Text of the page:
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A ‘Bit of Anxiety’ Over This Physician’s First Mammogram, at 40

October 16, 2018

Dr. Camelia Lawrence took the proverb “physician, heal thyself” quite seriously when she donned a johnny recently and stepped up to a machine in The Hospital of Central Connecticut radiology suite in Plainville recently for her first screening mammogram.

She just turned 40 and, as director of breast surgery for the Hartford Healthcare Cancer Institute in the system’s central region, she knows the significance of that milestone.

Federal guidelines recommend women with no family history of breast cancer start annual mammograms at 40. While Dr. Lawrence had a diagnostic mammogram at 35 after discovering what turned out to be a benign lump in her breast, this was her first screening mammogram.

“I feel a bit of anxiety,” she admits beforehand. “(But) I tell women fear is a strategy, not the best option. It’s the right thing to do for myself and my family.”

Screening mammograms look for signs of breast cancer, which has a high survival rate if discovered early enough. Most women can start at age 40 but those with a family history of breast cancer should start 10 years before the age of the youngest family member’s diagnosis, explains Meghan Burgess, APRN, director of preventive services for MidState Radiology. Therefore, if the relative was diagnosed at 45, a woman should start at 35.

MidState Radiology is one of the first facilities in the country and the only one in Connecticut pairing genetic testing with mammograms to help women understand their lifetime risk of developing certain cancers, including breast.

When women come to MidState Radiology’s seven facilities, they are given a questionnaire about their personal and family history. Affirmative answers identify them as candidates for genetic testing, adds Dr. Holley Dey, a radiologist. They then see a short video and can provide a saliva sample for genetic testing. The test takes about six weeks after which Burgess discusses the results and options with the patient.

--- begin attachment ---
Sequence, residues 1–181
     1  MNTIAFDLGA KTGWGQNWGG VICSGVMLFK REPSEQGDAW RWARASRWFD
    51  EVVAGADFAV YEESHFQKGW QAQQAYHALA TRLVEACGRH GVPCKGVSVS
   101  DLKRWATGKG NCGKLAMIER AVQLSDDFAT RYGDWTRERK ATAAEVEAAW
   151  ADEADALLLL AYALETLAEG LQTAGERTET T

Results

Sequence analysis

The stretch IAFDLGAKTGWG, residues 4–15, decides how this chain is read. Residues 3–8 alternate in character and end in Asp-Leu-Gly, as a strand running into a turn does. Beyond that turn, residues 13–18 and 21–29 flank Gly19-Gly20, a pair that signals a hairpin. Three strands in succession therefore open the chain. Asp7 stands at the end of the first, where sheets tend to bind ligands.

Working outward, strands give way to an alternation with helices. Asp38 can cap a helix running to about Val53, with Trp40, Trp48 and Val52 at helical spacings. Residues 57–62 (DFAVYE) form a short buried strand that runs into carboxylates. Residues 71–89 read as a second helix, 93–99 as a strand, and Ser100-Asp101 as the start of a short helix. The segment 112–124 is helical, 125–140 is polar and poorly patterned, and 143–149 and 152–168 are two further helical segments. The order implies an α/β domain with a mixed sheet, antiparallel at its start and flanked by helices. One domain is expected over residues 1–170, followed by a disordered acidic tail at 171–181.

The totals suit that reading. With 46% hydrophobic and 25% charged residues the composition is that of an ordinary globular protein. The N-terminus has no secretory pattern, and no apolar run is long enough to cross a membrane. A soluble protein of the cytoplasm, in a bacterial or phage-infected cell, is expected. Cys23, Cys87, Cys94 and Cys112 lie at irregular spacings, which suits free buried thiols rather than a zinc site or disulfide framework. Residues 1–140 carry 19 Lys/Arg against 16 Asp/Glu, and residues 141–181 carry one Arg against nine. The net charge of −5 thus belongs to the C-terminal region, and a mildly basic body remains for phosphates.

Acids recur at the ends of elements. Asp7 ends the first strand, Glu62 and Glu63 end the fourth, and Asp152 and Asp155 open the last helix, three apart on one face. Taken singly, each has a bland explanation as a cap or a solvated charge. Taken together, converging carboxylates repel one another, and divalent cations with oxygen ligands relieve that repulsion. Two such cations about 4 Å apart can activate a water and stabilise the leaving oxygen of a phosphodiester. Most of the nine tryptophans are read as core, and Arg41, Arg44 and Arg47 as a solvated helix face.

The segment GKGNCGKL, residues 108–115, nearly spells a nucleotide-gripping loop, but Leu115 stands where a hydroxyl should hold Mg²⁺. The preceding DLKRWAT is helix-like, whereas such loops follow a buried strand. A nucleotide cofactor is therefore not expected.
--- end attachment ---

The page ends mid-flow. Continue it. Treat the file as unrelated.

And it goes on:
“Ours is a comprehensive panel that tests for 28 mutations and eight of the most common forms of hereditary cancer – breast, ovarian, colon, uterine, pancreatic and prostate,” Burgess says.

Patients have the option to follow up with one of Hartford HealthCare’s certified genetics counselors.

Like Dr. Lawrence did five years ago, women who feel a lump or notice abnormal discharge from their nipples shouldn’t wait for genetic testing but call their provider immediately for evaluation. If something concerning is discovered, Hartford HealthCare’s practice is to have the woman seen quickly by a breast surgeon for biopsy.

“(There is) strong emphasis on coordinated, accurate and expedient breast care,” Dr. Lawrence says. “It’s a game-changer because most women want to know yesterday what it means. It’s almost as if life goes into pause.”

Mammography Myths
  • It hurts too much. Dr. Lawrence says pain and tight compression are the most common concerns she hears from women. “I tell patients that while it may be uncomfortable, it’s worth the benefit when compared to what can be lost if you don’t identify breast cancer early,” she says. Adds Dr. Dey, “Newer technology also allows patients to take an active role in their mammogram by adjusting breast compression using a handheld remote control to optimize comfort.”
  • Mammograms cause breast cancer. There is, Dr. Lawrence notes, no data to suggest this is true. Mammograms don’t always find cancer. Women often tell her that their friend had a mammogram and it didn’t find her breast cancer, Dr. Lawrence says, adding that, “It’s not 100-percent sensitive but it’s the best screening tool available.”
  • It won’t find anything in my dense breasts. New technology called tomosynthesis is more accurate in women with dense breasts, as is breast ultrasound. Recent research shows that tomosynthesis can detect up to 40 percent more invasive cancers than a standard mammogram.
  • It’s too expensive. Hartford HealthCare has programs designed to help women who are underinsured or uninsured get mammograms.

For more information on the Hartford HealthCare Cancer Institute, where you can schedule a mammogram or genetic testing, click here.